Archive for September, 2010

how to be a realist

September 18, 2010

Holocaust survivor Viktor Frankl speaking in 1972: “If we take man as he really is, we make him worse. But if we overestimate him, idealize him, … see him as he should be, we make him capable of what he can become.”

pipe or not to pipe

September 18, 2010


Martin Klasch: Controversy: Ceci n’est pas une pipe!.

How fascinating! I guess, we may safely assume that Magritte’s idea goes back to the time of his early reading experiences. Who knows what kinds of traces primary textbooks leave in the minds of children.

romance

September 18, 2010

Quitesparkly makes paper roses from romantic novels.

pledge

September 18, 2010

That is one promise I should be able to keep. Read the Printed Word.

making things

September 18, 2010

YES – The Big Art Project.
Campaign concept and creative direction for broadcaster Channel 4’s initiative ‘The Big Art Project’. The series set out to create six pieces of art across Britain with the input of the general public. A 15ft typographic sculpture was designed and fabricated to represent the art that would be created throughout the series. The identity was used in print and and for 20, 40 and 60 second TV spots directed by James Griffiths.

Which reminds me, David Gauntlett has posted excerpts of his new book “Making is Connecting.” Looking forward to this.

field of dreams

September 18, 2010


by Jason DeMarte.
click to enlarge

educational action figures

September 17, 2010

Recently I found out by accident that I have far more subscribers to my blog than I ever imagined. I have not posted for a while, because I have been busy at other sites, but I was so touched when I found out, that I decided to keep posting at least once in a while some of the things I come across, even if I don’t have much time to write thoughtful comments. So here without much further ado a few things related to the educational potential of actions figures, all from a very different perspective. Im my research on superheroes, actions figures played a part, of course. Now here are a couple of videos: firstly, the Brontë Sisters Power Dolls, a must for anybody who loves Victorian novels!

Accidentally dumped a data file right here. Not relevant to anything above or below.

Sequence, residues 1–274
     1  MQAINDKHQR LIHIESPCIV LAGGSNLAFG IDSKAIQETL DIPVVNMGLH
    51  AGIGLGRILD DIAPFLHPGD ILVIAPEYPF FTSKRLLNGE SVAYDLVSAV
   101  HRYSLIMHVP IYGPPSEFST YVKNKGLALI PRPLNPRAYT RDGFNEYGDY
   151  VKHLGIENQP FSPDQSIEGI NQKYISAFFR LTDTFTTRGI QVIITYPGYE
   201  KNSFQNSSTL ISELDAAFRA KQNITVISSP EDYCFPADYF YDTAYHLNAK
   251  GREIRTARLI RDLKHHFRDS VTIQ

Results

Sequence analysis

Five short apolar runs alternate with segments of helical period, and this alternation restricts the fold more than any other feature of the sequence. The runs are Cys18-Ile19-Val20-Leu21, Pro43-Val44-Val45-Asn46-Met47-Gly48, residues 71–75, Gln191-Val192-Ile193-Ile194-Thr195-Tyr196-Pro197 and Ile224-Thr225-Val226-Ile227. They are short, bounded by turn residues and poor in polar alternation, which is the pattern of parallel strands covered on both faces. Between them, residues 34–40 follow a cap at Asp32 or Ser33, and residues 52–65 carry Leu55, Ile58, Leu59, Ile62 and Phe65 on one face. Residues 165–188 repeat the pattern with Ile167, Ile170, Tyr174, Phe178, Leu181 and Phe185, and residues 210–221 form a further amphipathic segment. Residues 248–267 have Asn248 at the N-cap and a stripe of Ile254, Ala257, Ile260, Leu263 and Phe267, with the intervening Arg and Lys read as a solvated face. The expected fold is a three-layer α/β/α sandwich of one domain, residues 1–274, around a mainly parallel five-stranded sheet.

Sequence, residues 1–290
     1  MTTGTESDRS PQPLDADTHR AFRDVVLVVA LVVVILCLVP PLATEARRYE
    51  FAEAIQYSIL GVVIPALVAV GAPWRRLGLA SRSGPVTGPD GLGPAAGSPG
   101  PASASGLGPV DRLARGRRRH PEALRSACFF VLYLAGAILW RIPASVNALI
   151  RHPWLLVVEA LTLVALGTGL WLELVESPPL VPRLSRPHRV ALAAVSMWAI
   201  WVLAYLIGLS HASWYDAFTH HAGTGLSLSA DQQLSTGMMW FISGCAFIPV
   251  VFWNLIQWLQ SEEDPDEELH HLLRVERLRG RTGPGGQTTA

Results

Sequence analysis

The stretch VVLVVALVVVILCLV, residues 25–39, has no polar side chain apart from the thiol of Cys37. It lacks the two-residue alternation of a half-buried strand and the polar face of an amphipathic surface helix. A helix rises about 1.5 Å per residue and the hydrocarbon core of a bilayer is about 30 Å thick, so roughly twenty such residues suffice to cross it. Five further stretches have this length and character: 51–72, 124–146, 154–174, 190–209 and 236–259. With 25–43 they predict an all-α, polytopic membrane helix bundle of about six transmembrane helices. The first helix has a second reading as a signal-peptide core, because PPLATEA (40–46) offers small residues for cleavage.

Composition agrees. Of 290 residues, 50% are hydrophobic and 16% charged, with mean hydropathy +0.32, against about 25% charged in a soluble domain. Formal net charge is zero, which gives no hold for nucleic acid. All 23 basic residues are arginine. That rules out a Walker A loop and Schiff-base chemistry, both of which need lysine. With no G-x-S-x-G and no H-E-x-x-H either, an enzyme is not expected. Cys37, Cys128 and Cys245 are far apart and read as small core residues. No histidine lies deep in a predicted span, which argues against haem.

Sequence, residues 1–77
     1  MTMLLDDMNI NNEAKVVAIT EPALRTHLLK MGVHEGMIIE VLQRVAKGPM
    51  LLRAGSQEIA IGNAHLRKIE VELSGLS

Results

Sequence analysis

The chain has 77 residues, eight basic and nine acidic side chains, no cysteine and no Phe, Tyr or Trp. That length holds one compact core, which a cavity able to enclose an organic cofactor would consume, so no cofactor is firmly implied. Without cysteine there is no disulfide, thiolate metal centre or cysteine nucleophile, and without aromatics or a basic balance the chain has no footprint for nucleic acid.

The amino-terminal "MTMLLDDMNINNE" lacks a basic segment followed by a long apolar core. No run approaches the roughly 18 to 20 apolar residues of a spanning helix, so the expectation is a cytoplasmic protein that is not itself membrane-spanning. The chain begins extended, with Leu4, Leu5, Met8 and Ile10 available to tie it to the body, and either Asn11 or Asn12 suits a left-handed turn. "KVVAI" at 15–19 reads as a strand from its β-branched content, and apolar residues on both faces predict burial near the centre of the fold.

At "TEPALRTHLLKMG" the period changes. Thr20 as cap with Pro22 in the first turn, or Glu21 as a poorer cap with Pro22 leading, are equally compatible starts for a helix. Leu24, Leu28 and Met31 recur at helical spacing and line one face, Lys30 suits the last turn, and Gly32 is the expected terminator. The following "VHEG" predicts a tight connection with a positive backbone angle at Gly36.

Brontë Sisters Power Dolls

Secondly, Henry Jenkins on “Toying with Transmedia: The Future of Entertainment is Child’s Play” talking at length about actions figures. Jenkins argues such toys served children and young adults as “authoring tools” in stories that grew increasingly elaborate and technologically sophisticated over the years, spawning new kinds of play in our own time. Transmedia is not about “dumbing down popular culture,” Jenkins says. It involves complex mythologies that kids and adults can throw themselves into, with large casts of vivid characters in complex plots rivaling those in Russian novels. Transmedia storytelling also encourages children to “play out different fantasies,” Follow the link to see the video of his talk.Toying with Transmedia: The Future of Entertainment is Child’s Play | MIT World.
This was, kind of, what I wanted to get at in my MA thesis, but of course Henry Jenkins takes it a lot further and much more eloquently than I ever could.

Thirdly, here are David Gauntlett’s actions figures of famous theorists –Anthony Giddens and Michel Foucault – Even though they are almost ten years old, they still makes me smile.

And did I say, that I recently dug out my son’s box of action figures and matchbox cars? (He had wanted to sell them on e-bay last year, but I got upset and I insisted to keep them myself if he did not want to. This summer, I started playing with them and my other new toy, the camera on my iPhone. I might post some of the results soon.


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